3 Things to Look for in a Lemon Law Claim – TEXAS LEMON LAW

The Law Office of Darin Siefkes Texas Lemon Law

3 Things to Look for in a Lemon Law Claim

Over the years, the Law Office of Darin Siefkes, PLLC, has handled hundreds of lemon law claims in Texas. We acknowledge that every new car should be free of defects when purchased from the dealership and are passionate about serving drivers in Texas who have had the misfortune of purchasing a lemon. From Jeeps to Chevrolets to Chryslers and beyond, we’ve seen just about every type of lemon you can imagine, and we’ve helped many of these unfortunate drivers gain relief in the form of a repurchase, replacement, or monetary compensation.

When a person’s brand new vehicle starts to act up, they often find themselves wondering: What is the lemon law in Texas? Many drivers are unaware of the Texas Lemon Law at all until their car starts to behave strangely; however, these laws are important to anyone who plans to purchase a new vehicle, which is why we’re exploring three things to look for in a potential lemon law claim. If you strongly believe that your new vehicle is defective, consult the Law Office of Darin Siefkes to learn about your next steps for filing a claim.

1. Is Your Car New?

If there’s one thing every driver in Texas should know about the Texas Lemon Law, it’s that it only covers new vehicles that are under warranty. As soon as the manufacturer’s written warranty has expired, it becomes nearly impossible to procure a repurchase, replacement, or monetary compensation for your defective vehicle. In other words, time is of the essence. Once your new vehicle starts to spend more and more time in the shop, pick up a phone and contact an attorney who is experienced handling cases that deal with the Texas Lemon Law and a new car.

Related: 3 Little Known Facts About the Texas Lemon Law

2. Substantial Impairment

According to the Texas Department of Motor Vehicles (TxDMV), a new vehicle that has been purchased or leased must show signs of a “defect or condition that substantially impairs the motor vehicle’s use, market value or safety” to maintain eligibility under the Texas Lemon Law. In other words, if you can barely get from Point A to Point B, or your vehicle’s defect limits your ability to utilize certain salable functions that provide value, you may be eligible for potential relief.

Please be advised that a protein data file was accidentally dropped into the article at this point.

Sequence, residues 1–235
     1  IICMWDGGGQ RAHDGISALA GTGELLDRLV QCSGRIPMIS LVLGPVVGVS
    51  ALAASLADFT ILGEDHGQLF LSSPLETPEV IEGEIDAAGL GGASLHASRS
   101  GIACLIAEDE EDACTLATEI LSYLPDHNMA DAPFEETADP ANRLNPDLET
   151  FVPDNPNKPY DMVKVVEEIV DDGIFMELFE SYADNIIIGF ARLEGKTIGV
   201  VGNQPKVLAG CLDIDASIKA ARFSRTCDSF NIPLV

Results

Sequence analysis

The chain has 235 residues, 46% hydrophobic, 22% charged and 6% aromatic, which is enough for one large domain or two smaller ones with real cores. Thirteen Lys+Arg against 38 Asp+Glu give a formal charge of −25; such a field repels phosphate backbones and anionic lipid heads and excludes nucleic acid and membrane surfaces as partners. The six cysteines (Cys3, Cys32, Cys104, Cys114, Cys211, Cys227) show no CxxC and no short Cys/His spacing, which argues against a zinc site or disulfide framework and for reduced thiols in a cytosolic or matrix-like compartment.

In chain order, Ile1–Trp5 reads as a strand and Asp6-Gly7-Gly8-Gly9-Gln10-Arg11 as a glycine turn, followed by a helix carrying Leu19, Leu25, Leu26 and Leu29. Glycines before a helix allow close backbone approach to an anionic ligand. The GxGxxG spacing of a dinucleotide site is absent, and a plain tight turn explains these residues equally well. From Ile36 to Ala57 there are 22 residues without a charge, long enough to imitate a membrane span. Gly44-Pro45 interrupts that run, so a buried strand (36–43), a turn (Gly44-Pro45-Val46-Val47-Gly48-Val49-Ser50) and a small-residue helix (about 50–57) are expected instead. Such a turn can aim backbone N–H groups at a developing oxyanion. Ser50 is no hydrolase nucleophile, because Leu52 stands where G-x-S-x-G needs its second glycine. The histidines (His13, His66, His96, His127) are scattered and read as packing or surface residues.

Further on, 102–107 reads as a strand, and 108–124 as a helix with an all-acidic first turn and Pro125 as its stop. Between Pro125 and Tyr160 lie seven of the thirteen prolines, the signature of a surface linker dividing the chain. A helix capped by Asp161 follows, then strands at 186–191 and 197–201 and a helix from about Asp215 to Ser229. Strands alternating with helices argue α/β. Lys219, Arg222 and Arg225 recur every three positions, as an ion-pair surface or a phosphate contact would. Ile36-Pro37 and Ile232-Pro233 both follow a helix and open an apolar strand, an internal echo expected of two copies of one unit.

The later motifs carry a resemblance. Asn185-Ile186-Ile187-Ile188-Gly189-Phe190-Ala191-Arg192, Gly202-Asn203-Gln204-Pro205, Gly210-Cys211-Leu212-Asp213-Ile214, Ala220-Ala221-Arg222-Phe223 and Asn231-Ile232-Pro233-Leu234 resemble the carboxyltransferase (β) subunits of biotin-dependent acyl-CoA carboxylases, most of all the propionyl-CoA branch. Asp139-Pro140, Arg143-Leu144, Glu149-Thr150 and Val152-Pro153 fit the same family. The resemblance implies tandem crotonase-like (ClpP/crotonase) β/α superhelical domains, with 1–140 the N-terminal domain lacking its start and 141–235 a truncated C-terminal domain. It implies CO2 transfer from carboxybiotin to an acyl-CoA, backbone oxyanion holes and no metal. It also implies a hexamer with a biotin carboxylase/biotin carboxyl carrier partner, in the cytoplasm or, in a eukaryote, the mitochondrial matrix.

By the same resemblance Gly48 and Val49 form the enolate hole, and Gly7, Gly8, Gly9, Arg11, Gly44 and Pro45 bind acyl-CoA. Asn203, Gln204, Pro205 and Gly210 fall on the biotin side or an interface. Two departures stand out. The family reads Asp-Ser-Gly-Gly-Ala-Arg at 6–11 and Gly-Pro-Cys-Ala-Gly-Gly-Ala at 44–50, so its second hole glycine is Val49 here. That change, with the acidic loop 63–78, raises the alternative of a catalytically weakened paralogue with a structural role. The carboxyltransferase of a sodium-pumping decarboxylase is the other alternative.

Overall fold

Related: Changes to the Texas Lemon Law in 2020

3. Reasonable Attempts to Repair

Is your car new? Does it appear to have a substantial defect? If you answered “yes” to both of these questions, naturally, your next step will be to attempt to get your vehicle repaired. This is another key component of lemon law claims in Texas. Drivers must showcase that they have made “reasonable attempts” to let the manufacturer repair the defect. This can be proven one of three ways:

  1. The Four Times Test: Four attempted repairs for the same defect within the first two years or 24,000 miles (whichever occurs first).
  2. The Serious Safety Hazard Test: Two or more attempted repairs for a “life-threatening malfunction” within the first two years or 24,000 miles (whichever occurs first) that failed to fix the problem.
  3. The 30 Day Test: Vehicle was out of service for a total of 30 or more days during the first two years or 24,000 miles (whichever occurs first) and the problem wasn’t fixed. Furthermore, no comparable loaner vehicle was provided for use by the driver during this time period.

After browsing the information in this article, can you answer the all-important question: What is the lemon law in Texas? If not, don’t worry! Our attorneys can help you determine whether or not your vehicle qualifies for potential relief under the Texas Lemon Law. 

If you would like to speak with an experienced attorney about the Texas Lemon Law and your new car, please submit our free case evaluation form today.

Disclaimer: The information contained in this article is for general educational information only. This information does not constitute legal advice, is not intended to constitute legal advice, nor should it be relied upon as legal advice for your specific factual pattern or situation.